Although the farm property may well have been incorporated to shield it from appellee, what was being shielded was problematical in the extreme. Mr. Cooper was not only not the titular owner of the land, but prior to his parents' transfer of their stock to Mrs. Oaks, had merely an expectancy of its ownership, a circumstance not affecting equitable distribution. See, Gruver v. Gruver, 372 Pa.Super. 194, 539 A.2d 395 (1988) appeal denied 520 Pa. 605, 553 A.2d 968. That expectancy was obliterated by the transfer to his sister. Moreover, although Mr. Cooper may have treated the farm as his own for agricultural purposes, he paid rent for the use of *141 the land, the corporation's books were separate, and the equipment depreciation was taken by Mr. Cooper because the machines belonged to him the shares representing ownership only of the realty. Thus, the facts, e.g., loans and income, relied upon by the Superior Court in finding a beneficial interest, related not to the corporation, but only to the farming operation and its accouterments, a separate entity, and one which was not subject to equitable distribution. Because this is the case, the home of Mr. Cooper's aunt, which was purchased by the corporation well after separation, using money put at the corporation's disposal by Mrs. Oaks, is also not subject to distribution.

The next items with which appellants are concerned are the cash investment accounts opened by Mr. Cooper during the marriage and maintained by him after separation. The trial court found that the value of the accounts held by the parties at the time of separation was $28,820, and that, because of Mr. Cooper's post separation contribution to these accounts, by 1984 they were worth $133,850. The court also found, as revealed by income tax returns, a total of $57,812 was earned on all accounts through 1982, when the parties' divorce became final. To calculate the worth of the accounts at separation, the court determined that an additional $7,000, received from the sale of a marital asset, some bank stock, should be added to the $28,820 total, along with another $10,000 belonging to both parties. Because of the fluctuations in interest rates during the 7½ year period in question, and Mr. Cooper's use of some of these funds to pay the taxes due, the total assigned to the accounts as a marital asset was reduced from $103,632 to $95,000. Of this amount, $30,000 spent on farm equipment was deducted as Mr. Cooper's use of his own money. Appellee was, in the end, awarded $23,750 in cash.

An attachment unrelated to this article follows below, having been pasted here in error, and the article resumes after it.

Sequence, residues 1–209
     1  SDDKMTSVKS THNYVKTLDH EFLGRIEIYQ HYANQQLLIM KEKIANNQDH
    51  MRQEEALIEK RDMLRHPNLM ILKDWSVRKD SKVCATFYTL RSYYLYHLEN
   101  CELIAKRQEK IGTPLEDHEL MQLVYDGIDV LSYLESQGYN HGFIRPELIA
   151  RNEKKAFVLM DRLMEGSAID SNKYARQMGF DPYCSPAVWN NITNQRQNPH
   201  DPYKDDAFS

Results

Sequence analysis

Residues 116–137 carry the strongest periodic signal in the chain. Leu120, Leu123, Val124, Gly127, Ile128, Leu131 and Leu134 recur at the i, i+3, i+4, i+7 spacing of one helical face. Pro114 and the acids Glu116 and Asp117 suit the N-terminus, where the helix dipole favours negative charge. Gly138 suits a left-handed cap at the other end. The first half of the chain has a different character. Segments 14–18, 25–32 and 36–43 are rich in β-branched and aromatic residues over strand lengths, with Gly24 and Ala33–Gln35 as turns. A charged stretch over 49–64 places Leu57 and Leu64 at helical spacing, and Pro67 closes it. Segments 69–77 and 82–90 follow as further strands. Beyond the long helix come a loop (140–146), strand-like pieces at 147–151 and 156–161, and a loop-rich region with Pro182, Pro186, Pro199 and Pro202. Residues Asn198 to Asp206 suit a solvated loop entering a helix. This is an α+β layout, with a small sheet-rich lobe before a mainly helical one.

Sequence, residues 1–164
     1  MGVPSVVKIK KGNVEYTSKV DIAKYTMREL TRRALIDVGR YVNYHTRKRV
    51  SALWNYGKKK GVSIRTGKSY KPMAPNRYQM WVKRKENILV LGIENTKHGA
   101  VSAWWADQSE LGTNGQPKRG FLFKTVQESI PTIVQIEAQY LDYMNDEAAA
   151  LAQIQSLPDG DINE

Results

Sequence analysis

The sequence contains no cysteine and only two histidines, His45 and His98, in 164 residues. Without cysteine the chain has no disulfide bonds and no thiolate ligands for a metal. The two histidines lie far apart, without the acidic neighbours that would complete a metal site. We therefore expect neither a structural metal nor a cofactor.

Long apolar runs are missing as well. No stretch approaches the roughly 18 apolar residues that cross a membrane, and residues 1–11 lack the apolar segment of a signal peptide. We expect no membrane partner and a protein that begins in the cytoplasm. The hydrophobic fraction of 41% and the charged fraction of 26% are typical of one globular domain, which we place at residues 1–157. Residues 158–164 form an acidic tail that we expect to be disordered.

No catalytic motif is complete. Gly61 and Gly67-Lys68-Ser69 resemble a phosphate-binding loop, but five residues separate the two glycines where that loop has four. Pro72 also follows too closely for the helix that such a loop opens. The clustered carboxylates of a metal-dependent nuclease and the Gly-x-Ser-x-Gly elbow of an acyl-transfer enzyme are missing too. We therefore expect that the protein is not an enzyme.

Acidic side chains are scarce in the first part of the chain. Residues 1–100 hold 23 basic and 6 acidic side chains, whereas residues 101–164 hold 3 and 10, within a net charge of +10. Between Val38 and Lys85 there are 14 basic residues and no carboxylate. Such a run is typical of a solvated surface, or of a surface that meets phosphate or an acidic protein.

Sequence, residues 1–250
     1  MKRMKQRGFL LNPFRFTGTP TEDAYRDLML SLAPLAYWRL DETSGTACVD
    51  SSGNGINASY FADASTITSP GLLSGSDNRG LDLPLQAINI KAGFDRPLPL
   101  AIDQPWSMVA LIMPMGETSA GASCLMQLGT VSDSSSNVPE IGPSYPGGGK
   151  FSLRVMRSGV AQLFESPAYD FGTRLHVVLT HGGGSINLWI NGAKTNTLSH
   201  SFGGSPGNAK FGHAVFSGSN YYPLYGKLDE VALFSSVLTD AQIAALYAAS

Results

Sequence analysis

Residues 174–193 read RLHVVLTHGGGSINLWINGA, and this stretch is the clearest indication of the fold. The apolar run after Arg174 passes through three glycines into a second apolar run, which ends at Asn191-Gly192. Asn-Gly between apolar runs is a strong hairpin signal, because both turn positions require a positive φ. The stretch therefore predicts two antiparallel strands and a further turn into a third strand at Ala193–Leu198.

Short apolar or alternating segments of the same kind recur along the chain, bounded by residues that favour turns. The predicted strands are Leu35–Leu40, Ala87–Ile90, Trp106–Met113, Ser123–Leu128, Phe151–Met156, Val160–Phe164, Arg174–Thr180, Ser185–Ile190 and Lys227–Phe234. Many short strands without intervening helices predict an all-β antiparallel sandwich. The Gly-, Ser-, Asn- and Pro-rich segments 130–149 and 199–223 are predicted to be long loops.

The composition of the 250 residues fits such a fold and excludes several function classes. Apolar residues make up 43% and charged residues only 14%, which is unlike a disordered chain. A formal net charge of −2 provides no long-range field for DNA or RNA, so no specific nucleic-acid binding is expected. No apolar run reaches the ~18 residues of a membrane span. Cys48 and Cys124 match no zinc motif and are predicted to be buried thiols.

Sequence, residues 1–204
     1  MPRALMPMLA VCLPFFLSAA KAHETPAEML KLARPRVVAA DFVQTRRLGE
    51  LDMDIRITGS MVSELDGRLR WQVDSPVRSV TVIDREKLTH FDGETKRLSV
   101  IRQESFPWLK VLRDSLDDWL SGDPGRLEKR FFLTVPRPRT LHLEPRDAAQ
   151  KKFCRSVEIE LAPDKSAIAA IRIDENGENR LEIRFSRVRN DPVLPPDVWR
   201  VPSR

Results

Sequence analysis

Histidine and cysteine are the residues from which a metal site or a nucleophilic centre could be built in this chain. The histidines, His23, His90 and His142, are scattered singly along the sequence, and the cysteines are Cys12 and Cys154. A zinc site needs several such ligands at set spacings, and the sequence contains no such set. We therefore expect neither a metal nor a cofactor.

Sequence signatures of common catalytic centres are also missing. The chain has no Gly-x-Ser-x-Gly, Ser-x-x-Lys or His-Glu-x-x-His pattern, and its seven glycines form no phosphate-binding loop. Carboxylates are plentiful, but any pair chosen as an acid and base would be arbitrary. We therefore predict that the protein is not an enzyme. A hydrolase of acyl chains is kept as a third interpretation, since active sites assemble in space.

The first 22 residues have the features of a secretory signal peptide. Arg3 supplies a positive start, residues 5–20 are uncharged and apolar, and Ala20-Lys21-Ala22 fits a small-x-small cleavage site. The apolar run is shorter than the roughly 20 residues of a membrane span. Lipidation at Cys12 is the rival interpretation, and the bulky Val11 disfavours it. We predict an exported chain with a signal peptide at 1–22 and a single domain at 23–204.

The Superior Court reversed, finding that by the deposit of additional funds in what were originally marital accounts, Mr. Cooper transmuted the deposited money from separate into marital assets, along with any other increases, irrespective of source. The court concluded that this assumption was unavoidable *142 because there was available "no logical or rational manner in which to divide them." Oaks v. Cooper, 414 Pa.Super. 659, 598 A.2d 1338 (No. 01143 Pgh. 1990, filed July 30, 1991 memorandum opinion at 20). Moreover, based on its premise that all of the funds in these accounts were marital, the Superior Court also reinstated as part of the total the $30,000 for farm equipment that the trial court had found were Mr. Cooper's personal funds, and, as well, the expenditures made by Mr. Cooper to cover taxes on the interest in the accounts. Again we are constrained to disagree, finding that allocation by default is not equity, and that the Superior Court has exceeded its scope of review.

Our starting point is the proposition, expressed by 23 Pa.C.S.A. § 3501(a)(4) which reads:

As used in this chapter, "marital property" means all property acquired by either party during the marriage, . . . except property acquired after separation until the date of divorce, except for property acquired in exchange for marital property.